9 June 1928: At 10:50 a.m., Charles Edward Kingsford Smith, M.C., and his crew completed the first trans-Pacific flight from the mainland United States of America to the Commonwealth of Australia. They landed their airplane, a Fokker F.VIIb/3m named Southern Cross, ¹ at Brisbane, Queensland, Australia. The airplane’s crew were Kingsford Smith, pilot; Charles Ulm, co-pilot; Harry Lyon, navigator; and James Warren, radio operator. Their historic flight had begun at Oakland, California, on 31 May.
The first leg of the flight from Oakland Field, California, to Wheeler Field was 2,406 miles (3,873 kilometers). The elapsed time was 27 hours, 27 minutes. After resting in Hawaii, the crew took off on the second leg to Suva, Fiji, a distance of 3,167 miles (5,097 kilometers). Southern Cross landed at Albert Park. It was the very first airplane to land in Fiji. This was the longest leg and took 34 hours, 33 minutes. The final leg to Brisbane covered 1,733 miles (2,788 kilometers) and took 21 hours, 35 minutes. They landed at Eagle Farm Airport, just northeast of Brisbane, at 10:50 a.m., 9 June 1928. An estimated 25,000 people were there to see the arrival.
The Fokker F.VIIb/3m was designed and built as a commercial airliner. It was heavier and had a larger wing than the F.VIIa/3m. It was 14.6 meters (47.9 feet) long, with a wingspan of 21.7 meters (71.2 feet) and 3.9 meters (12.8 feet) high. The wing had an area of 67 square meters (721 square feet). Its empty weight was 3,050 kilograms (6,724 pounds) and the gross weight, 5,200 kilograms (11,464 pounds).
The F.VIIb/3m had a cruise speed of cruise 170 kilometers per hour (106 miles per hour), and maximum speed of 190 kilometers per hour (118 miles per hour). Its service ceiling was 4,750 meters (15,584 feet). It had a normal range of 1,240 kilometers (771 miles).
Southern Cross had been built by N.V. Koninklijke Nederlandse Vliegtuigenfabriek Fokker at Amsterdam, Netherlands, for Hubert Wilkins who intended to use it for Arctic exploration. It was the first long-wing F.VII, c/n 4954, which would later be referred to as the F.VIIb. The airplane was crated and shipped to the United States, where it was reassembled by Atlantic Aircraft Corporation, Fokker’s American subsidiary in Teterboro, New Jersey. Wilkins’ expedition was sponsored by the Detroit News newspaper, and he named the new airplane Detroiter.
The airplane was damaged in a hard landing, and together with Wilkins’ single-engine F.VII, Alaskan, shipped to Boeing in Seattle, Washington, for repair. It is commonly believed that the two airplanes were used together to produce the rebuilt Southern Cross. While repairs were ongoing, Wilkins sold the Fokker to Kingsford Smith for $3,000. Kingsford Smith had the original Wright J-4 engines replaced with J-5 Whirlwinds, and the fuel capacity increased to 1,267 gallons (4,872 liters).
Southern Cross was powered by three air-cooled, normally-aspirated 787.26-cubic-inch-displacement (12.901 liter) Wright Aeronautical Corporation Model J-5 Whirlwind 9-cylinder radial engines. These were direct-drive engines with a compression ratio of 5.1:1. The J-5 was rated at 200 horsepower at 1,800 r.p.m., and 220 horsepower at 2,000 r.p.m. The engine was 2 feet, 10 inches (0.864 meters) long and 3 feet, 9 inches (1.143 meters) in diameter. It weighed 508 pounds (230.4 kilograms).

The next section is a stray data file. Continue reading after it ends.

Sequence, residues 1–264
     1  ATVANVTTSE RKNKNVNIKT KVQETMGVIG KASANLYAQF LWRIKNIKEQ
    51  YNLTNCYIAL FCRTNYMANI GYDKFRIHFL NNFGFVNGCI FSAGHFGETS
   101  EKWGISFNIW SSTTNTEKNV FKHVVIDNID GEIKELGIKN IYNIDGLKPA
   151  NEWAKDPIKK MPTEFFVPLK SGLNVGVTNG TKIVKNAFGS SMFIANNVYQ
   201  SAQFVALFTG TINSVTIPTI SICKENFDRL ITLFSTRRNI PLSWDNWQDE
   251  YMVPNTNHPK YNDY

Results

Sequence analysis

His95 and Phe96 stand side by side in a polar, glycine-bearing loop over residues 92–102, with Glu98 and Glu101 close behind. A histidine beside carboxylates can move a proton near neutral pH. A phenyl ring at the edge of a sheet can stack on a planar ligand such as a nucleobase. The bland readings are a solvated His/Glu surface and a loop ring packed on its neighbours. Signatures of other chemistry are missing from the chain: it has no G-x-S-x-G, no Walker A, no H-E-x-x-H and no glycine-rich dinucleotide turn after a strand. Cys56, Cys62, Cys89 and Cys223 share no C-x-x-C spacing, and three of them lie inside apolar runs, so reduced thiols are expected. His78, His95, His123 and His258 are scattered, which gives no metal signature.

Southern Cross was registered to Charles E. Kingsford Smith, et al., 18 October 1927, by the United States Department of Commerce Aeronautics Branch. It was assigned the registration mark NC1985. (The registration was cancelled 20 March 1930.)
The expense of completing the repairs to the airplane took most of Kingsford Smith’s money, so he sold the airplane to George Allan Hancock, owner of Rancho La Brea Oil Company—think, “La Brea Tar Pits”—the developer of the Hancock Park section of Los Angeles, and founder of Santa Maria Airport in Santa Barbara County, California. Hancock loaned Southern Cross back to Kingsford Smith for the Trans-Pacific flight.
Following its arrival in Australia, the Fokker was re-registered G-AUSU. When Australia began issuing its own aircraft registrations, this was changed to VH-USU.
After several other historic flights, Kingsford Smith donated Southern Cross to the government of Australia to be placed in a museum. It was stored for many years but is now on display at the Kingsford Smith Memorial at Brisbane Airport. ²
Kingsford Smith, formerly a captain with the Royal Air Force, was given the rank of Air Commodore, Royal Australian Air Force, and awarded the Air Force Cross. He was invested Knight Bachelor in 1932. Sir Charles continued his adventurous flights.
On 8 November 1935, while flying Lady Southern Cross, a Lockheed Altair, from Allahabad, India, to Singapore, Air Commodore Sir Charles Edward Kingsford Smith, A.F.C., M.C., and his co-pilot, Tommy Pethybridge, disappeared over the Andaman Sea.
¹ Southern Cross refers to the constellation Crux, one of the most easily recognizable constellations in the southern hemisphere. The constellation is seen on the national flags of Australia, Brazil, New Zealand, Papua New Guinea and Samoa.
² At the time of the Pacific crossing, the fuselage of Southern Cross was painted a light blue color, reportedly the same shade being used on U.S. Army Air Corps training aircraft at the time. It was later repainted in a darker blue, similar to the flag of Australia.
© 2018, Bryan R. Swopesby